University Hospital Homburg Saar

Bad Homburg vor der Höhe, Germany

University Hospital Homburg Saar

Bad Homburg vor der Höhe, Germany
SEARCH FILTERS
Time filter
Source Type

Schiessl C.,Algesiologikum Centers for Pain Medicine | Gottschling S.,University Hospital Homburg Saar | Gronwald B.M.,Saarland University
Klinische Padiatrie | Year: 2016

Background: Children suffering from life limiting diseases are frequently cared for by adult palliative care teams due to missing paediatric structures in that field. However it is questionable whether palliative care curricula for physicians comprehensively cover issues of paediatric palliative care (PaedPC). Aim: To identify all PaedPC issues included in inter-professional or medical palliative care curricula (PCC) and to evaluate the breadth and quality of PaedPC issues covered in these curricula. Design: Inter-professional or medical palliative care curricula (PCC) were identified by an extensive literature review in German and English using the search-engines Google as well as Medline, MedPilot and Pubmed. Results: Worldwide 30 PCC were identified, with only 15 curricula mentioning any PaedPC issues. Of those 15 curricula, up to 22 PaedPC topics were highlighted in each. In 10 or more PaedPC following topics were highlighted: grief and bereavement in family, parents and siblings; communication with children; paediatric malignancies; pain management in PPC and pharmacology. In the majority of PCC curricula where PaedPC issues were identified the following topics were mentioned- grief and bereavement in the family, parents and siblings, communication with children, paediatric malignancies, paediatric pain management and pharmacology. Conclusions: The variability of inclusion of PaedPC issues and the lack of depth and standardisation of knowledge, skills and attitudes in PaedPC issues included in PCC curricula is not sufficient to guide adult palliative care physicians in their clinical work with children suffering from life limiting diseases.


PubMed | University Hospital Homburg Saar, Algesiologikum Centers for Pain Medicine and Saarland University
Type: Journal Article | Journal: Klinische Padiatrie | Year: 2016

Children suffering from life limiting diseases are frequently cared for by adult palliative care teams due to missing paediatric structures in that field. However it is questionable whether palliative care curricula for physicians comprehensively cover issues of paediatric palliative care (PaedPC).To identify all PaedPC issues included in inter-professional or medical palliative care curricula (PCC) and to evaluate the breadth and quality of PaedPC issues covered in these curricula.Inter-professional or medical palliative care curricula (PCC) were identified by an extensive literature review in German and English using the search-engines Google as well as Medline, MedPilot and Pubmed.Worldwide 30 PCC were identified, with only 15 curricula mentioning any PaedPC issues. Of those 15 curricula, up to 22 PaedPC topics were highlighted in each. In 10 or more PaedPC following topics were highlighted: grief and bereavement in family, parents and siblings; communication with children; paediatric malignancies; pain management in PPC and pharmacology. In the majority of PCC curricula where PaedPC issues were identified the following topics were mentioned- grief and bereavement in the family, parents and siblings, communication with children, paediatric malignancies, paediatric pain management and pharmacology.The variability of inclusion of PaedPC issues and the lack of depth and standardisation of knowledge, skills and attitudes in PaedPC issues included in PCC curricula is not sufficient to guide adult palliative care physicians in their clinical work with children suffering from life limiting diseases.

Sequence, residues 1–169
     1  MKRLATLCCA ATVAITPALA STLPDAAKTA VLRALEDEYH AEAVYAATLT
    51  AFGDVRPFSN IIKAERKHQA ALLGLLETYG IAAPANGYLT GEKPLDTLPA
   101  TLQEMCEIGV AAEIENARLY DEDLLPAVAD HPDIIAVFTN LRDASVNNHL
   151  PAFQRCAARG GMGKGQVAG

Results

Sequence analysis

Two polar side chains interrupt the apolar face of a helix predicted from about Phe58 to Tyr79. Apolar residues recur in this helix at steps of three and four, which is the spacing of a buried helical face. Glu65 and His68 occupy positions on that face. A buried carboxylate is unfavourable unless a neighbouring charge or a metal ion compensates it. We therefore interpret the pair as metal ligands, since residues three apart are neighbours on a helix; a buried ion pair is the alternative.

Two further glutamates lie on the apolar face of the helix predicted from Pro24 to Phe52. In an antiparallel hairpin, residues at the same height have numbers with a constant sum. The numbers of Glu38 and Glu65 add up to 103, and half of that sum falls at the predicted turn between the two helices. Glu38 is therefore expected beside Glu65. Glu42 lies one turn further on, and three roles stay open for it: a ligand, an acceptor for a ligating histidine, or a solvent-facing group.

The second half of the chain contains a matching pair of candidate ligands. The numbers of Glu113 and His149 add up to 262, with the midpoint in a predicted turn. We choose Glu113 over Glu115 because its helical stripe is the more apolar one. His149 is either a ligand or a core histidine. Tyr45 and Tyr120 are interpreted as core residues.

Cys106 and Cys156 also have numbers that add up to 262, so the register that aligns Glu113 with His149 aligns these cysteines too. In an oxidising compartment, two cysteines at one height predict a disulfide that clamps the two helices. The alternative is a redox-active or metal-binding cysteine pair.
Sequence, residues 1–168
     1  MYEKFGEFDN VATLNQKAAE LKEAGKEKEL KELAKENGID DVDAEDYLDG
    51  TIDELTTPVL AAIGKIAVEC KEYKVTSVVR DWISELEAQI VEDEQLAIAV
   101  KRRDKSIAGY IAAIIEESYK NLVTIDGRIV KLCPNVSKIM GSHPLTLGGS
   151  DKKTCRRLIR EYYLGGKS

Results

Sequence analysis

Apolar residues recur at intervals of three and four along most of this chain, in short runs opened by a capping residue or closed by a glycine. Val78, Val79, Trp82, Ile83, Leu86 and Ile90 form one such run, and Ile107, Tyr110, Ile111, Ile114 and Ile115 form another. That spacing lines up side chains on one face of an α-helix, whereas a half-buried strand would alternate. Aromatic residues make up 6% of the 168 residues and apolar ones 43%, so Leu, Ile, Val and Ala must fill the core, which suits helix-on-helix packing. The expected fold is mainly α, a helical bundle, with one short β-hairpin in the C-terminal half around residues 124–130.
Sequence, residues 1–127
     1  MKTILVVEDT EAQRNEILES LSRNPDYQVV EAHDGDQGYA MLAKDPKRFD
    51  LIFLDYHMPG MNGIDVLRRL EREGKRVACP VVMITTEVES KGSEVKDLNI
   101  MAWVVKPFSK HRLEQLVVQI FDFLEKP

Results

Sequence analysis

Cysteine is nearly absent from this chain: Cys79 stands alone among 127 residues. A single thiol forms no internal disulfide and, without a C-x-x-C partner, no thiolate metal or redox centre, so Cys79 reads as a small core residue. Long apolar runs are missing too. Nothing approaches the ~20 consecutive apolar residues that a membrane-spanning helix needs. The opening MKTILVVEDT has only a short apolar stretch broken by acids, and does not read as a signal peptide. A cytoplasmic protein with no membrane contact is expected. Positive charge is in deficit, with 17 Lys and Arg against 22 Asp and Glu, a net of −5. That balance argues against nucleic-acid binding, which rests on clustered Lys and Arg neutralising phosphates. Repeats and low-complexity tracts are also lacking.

PubMed | Helios Clinic Wuppertal, Charite Campus Benjamin Franklin, University Hospital Carl Gustav Carus, WisP Clinical Research Organisation and 8 more.
Type: Journal Article | Journal: Journal of clinical oncology : official journal of the American Society of Clinical Oncology | Year: 2017

4 Background: Adjuvant RT for pT3 R1 or R0 patients (pts.) after RP remains controversial. The EORTC-phase-III- study suggested a 20% better biochemical control (bNED) after 10 years for RT but no survival advantage. In contrast, the SWOG trial stated not only a gain in bNED but also an improved metastasis free and overall survival after 12 years follow-up. Now, 10-years results from the ARO 96-02 study are available, which are based on the most precisely defined cohort among the three trials.385 men with prostate cancer were randomized to either 60 Gy RT (arm A; n=193) or WS (arm B; n=192) before achieving an undetectable PSA. Pts. were stratified for Gleason-score, margin status, neoadjuvant hormonal treatment and stage (pT3a+b vs. c). When the undetectable PSA-level after RP was not achieved, progressive disease was stated and the pts. left arm A/B. Data analysis was by intent-to-treat (ITT). PSA-progression for pts. with undetectable post-RP PSA was defined as two consecutive increasing PSA. The primary endpoint was bNED. The study was powered to demonstrate a 15% increase in bNED for RT.78 pts. (20%) did not achieve an undetectable PSA and were stated as progressive disease (arm A: 45 pts., arm B: 33 pts.). Additionally, 34 pts. (23%) from the RT-arm did not receive RT. Therefore, 114 pts. had RT (arm A) and 159 pts. WS (arm B). Median follow up was 111.3 months for arm A and 113.3 months for arm B . bNED at 10 years increased to 56% for arm A (RT) compared with 35% for arm B (WS) (hazard ratio= 0.51; p = 0.00002. Out of 307 ITT pts., 15 died from prostate cancer, 23 for other and 5 for unknown reasons. There was no significant profit from ART regarding the endpoints metastasis-free survival (p=0.56) or overall survival (p=0.59). Worst late side effects to the rectum were two grade 2 cases after ART. Grade 2 bladder toxicity occurred in 4 out of 148 ITT pts. No grade 4 events were reported.With only one grade 3 case of late toxicity, ART was safe in pT3 prostate cancer. At 10 years median follow up, it reduced the risk of bNED by 49%. The study was not powered to detect differences in OS.ARO 96-02/AUO AP 09/95.